by Emma Burris-Janssen, University of Connecticut
Michael Winterbottom’s Trishna (2011) is his third Thomas Hardy-inspired adaptation, following both his bleak period piece, Jude (1996), based on Hardy’s 1895 novel, Jude the Obscure and The Claim (2000), which relocates Hardy’s 1886 novel, The Mayor of Casterbridge, to the American West. Trishna reimagines Hardy’s 1891 novel, Tess of the d’Urbervilles, as a contemporary tale set in India. Freida Pinto plays the titular Trishna, a rural woman who, like Tess Durbeyfield before her, is consistently “more sinned against than sinning.” In a major departure from the novel, Alec d’Urberville and Angel Clare are collapsed into a single character, Jay Singh, portrayed by Riz Ahmed.
The film opens as dawn breaks on a group of hung-over male tourists dissecting the places they have visited while in India. The place names rattle off their tongues like a list of sexual conquests: Darjeeling, Varanasi, Amritsar, Goa, Kerala. Among this group is Jay Singh, for whom this “grand tour” is a prelude to managing his father’s hotel chain in India. While traveling in the rural environs of Osian, Jay meets and begins to pursue the beautiful Trishna. In the manner of Alec d’Urberville, Jay showers Trishna and her impoverished family with gifts and gets her a job at one of his father’s hotels. The two get closer until a murky sexual encounter results in Trishna’s retreat back to her family. After her return, Trishna discovers she is pregnant and speedily procures an abortion. Later, Jay tracks down the desperately overworked Trishna and whisks her away to glamorous Mumbai. While in Mumbai, Jay and Trishna live together happily until Trishna confesses her abortion. Following this confession, Jay – like Angel – begins to reject Trishna: the next morning he snaps at her, ordering her around like a servant. Then, he flies to London to see his ailing father, leaving Trishna with a limited amount of money, a situation that eventually leads to her eviction from their shared apartment. When Jay finally returns to Trishna at the film’s end, he takes her to one of his father’s secluded, rural hotels where they live as master and servant, with Jay repeatedly raping Trishna until she stabs him to death. Following her stabbing of Jay, Trishna again returns to her family where she eventually commits suicide by stabbing.
At nearly two hours in length, Trishna offers a rich yet succinct reworking of Hardy’s key concerns in Tess: class exploitation, the rapid disappearance of rural life, and the potent power of sexual double standards. Naturally, some aspects of the novel are lost in Winterbottom’s loose translation, but Trishna provides a means of introducing students to contemporary critical conversations on colonialism, globalization, gendered violence, and criminality in both film and literature. Trishna updates Hardy’s themes in a way that promises to make them more legible to a modern audience. Because the film carries an R rating for its depictions of sexuality, violence, drug use, and language, it is best suited to college-level work.
Questions for Discussion
In Trishna, Alec d’Urberville and Angel Clare are collapsed into a single character – Jay Singh. What are the narrative consequences of fusing these two characters into one? What can this alteration show us about the functions performed by Alec d’Urberville and Angel Clare in the original novel? How would you describe their relationship in the novel compared to their relationship in Winterbottom’s film? What reading of these characters is Winterbottom offering in his film?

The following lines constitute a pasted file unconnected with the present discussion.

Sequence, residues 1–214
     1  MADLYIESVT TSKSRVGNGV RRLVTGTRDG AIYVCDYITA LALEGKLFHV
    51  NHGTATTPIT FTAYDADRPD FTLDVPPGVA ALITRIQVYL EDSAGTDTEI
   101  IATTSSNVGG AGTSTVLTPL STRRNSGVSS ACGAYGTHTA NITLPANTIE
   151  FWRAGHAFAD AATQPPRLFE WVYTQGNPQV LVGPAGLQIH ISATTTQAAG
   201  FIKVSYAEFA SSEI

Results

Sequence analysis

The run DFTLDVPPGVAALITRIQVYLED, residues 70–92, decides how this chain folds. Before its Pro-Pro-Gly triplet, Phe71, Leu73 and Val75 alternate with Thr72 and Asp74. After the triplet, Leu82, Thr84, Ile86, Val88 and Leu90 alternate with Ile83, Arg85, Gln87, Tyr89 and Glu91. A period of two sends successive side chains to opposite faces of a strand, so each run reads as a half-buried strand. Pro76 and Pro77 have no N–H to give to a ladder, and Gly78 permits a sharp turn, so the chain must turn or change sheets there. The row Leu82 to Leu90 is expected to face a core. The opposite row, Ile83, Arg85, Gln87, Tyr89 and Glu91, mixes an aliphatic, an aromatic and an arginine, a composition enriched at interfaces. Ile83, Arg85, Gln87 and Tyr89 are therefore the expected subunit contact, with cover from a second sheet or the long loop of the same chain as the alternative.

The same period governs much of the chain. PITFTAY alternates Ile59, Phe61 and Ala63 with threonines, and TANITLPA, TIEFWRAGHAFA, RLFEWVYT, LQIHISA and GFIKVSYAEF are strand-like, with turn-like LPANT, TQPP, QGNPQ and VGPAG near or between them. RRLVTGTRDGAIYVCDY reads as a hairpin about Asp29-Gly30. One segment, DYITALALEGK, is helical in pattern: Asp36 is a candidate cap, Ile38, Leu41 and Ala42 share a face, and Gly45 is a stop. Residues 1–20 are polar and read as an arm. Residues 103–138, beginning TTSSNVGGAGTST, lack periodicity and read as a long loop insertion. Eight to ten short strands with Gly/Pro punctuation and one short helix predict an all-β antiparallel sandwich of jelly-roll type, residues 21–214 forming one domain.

Trishna ends in a clear act of suicide, while Tess of the d’Urbervilles ends with Tess’s capture by police and hanging. What do you make of these different endings? Are they really that different?
In Imperial Leather, her 1995 study of British imperialism, Anne McClintock argues that “the uncertain continents” often function as anachronistic spaces where “colonized people – like women and the working class in the metropolis – do not inhabit history proper but exist in a permanently anterior time within the geographic space of the modern empire” (30). Given the history of British imperialism in India, what are the implications of relocating Tess of the d’Urbervilles in contemporary India? Does this position contemporary India as an anachronistic space?
Feminist film critic Karen Hollinger defines the British “post-heritage film” as a film type that offers (predominantly female) viewers a safe, historical space where they can explore contemporary debates, particularly those related to gender and sexuality (154). Could we classify Trishna as a “post-heritage film”? If so, what contemporary debates are being explored? How do these contemporary debates map onto the 19th-century ones in the original novel?
Hollinger, Karen. Feminist Film Studies. London and New York: Routledge, 2012.
McClintock, Anne. Imperial Leather: Race, Gender, and Sexuality in the Colonial Context. New York and London: Routledge, 1995.
Pulver, Andrew, and Henry Barnes. “Hardy’s Blood-Heat Melodrama Transfers Remarkably Smoothly.” theguardian.com, 2012. Web. 28 April 2015.
Strong, Jeremy. “Tess, Jude, and the Problem of Adapting Hardy.” Film and Literature Quarterly (January 2006): 195-203.
Winterbottom, Michael, and Freida Pinto. “A Conversation with: Freida Pinto and Michael Winterbottom” Interviewed by Shivani Vora. India Ink: Notes on the World’s Largest Democracy. The New York Times, 2012. Web. 30 April 2015.
Wright, T.R., ed. Thomas Hardy on Screen. New York and Cambridge: Cambridge University Press, 2006.